A Thank You Note

A river awakes
Last week the Rasmuson Foundation flew me from Barrow to Anchorage, put me up in the swankiest hotel in the state, and paid for my meals all so I could attend an awards ceremony: the 2014 Individual Artist Awards. I received a project award of $7,500 to upgrade my equipment and advance my career as an art photographer. So while I was waking up in my super amazing hotel room bed and ordering room service (something I’d normally never dream of doing), I felt a number of things. The first was physical. I hadn’t woken up without my back hurting in many a moon. It might be worth any amount of money to find out what mattresses the Hotel Captain Cook buys and have one shipped up to Barrow. The other was emotional. Gratitude. My husband rearranged his inflexible schedule and stayed home with our son so that I could enjoy my 24 hours of validation. Without his hard work and support, I wouldn’t have gotten nearly this far. Creating art takes time and focus. I might complain about the hours he works, but he gives me the time, space, and understanding I need to create. All while keeping the citizens of Barrow a little safer. My husband is pretty awesome.

Hal Gage is my enormously talented mentor who has the patience of Job, at least when it comes to my particular brand of crazy. Aside from the years of guidance and friendship for which I have already thanked him many times, he deserves my undying gratitude for seeing me through this year’s artist award submission process. He is a two time winner of the Rasmuson fellowship award. Without his expertise, selfless gift of time, and patient prodding for me to do better, I would not have this award. His work has been my inspiration since I attended the first of many of his workshops six years ago. He’s an incomparable teacher, the most loyal of friends, and there are really no words that could express what I feel about his art. I just know that when I look at one of his images, I see the best of him.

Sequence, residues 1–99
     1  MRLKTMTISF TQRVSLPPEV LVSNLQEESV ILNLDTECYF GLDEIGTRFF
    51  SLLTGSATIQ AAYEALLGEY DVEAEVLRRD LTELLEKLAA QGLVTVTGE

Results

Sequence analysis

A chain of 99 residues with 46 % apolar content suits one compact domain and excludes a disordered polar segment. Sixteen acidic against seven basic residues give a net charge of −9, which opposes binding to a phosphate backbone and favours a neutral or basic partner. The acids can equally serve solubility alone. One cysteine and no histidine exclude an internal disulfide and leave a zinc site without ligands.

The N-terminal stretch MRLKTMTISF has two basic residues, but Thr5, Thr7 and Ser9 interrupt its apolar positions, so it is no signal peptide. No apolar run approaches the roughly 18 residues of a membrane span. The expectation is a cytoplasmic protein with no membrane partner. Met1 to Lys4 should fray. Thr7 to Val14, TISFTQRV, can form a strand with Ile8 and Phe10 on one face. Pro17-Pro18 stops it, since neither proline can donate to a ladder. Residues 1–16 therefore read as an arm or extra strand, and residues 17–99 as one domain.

And to everyone else who has given words of encouragement through the years and to those awesome people who showed up to be part of my cheering section at the ceremony despite having not seen me in forever… THANK YOU!

On flight 51 toward home, I wasn’t as homesick as I often feel leaving Anchorage. Being awarded a Rasmuson wasn’t just validating but empowering as well. Barrow might be a hard home to return to at times, but it is also where I found and refined my voice. As I watched the snowy tundra of the north slope pass slowly below me, I was fascinated with the beauty of the weaving river bodies slowly waking from their winter hibernation. I haven’t finished saying all I have to say about this place. So I have plans to make, new ideas to test, and new equipment with which to test them… and the jellyfish will be here again before I know it.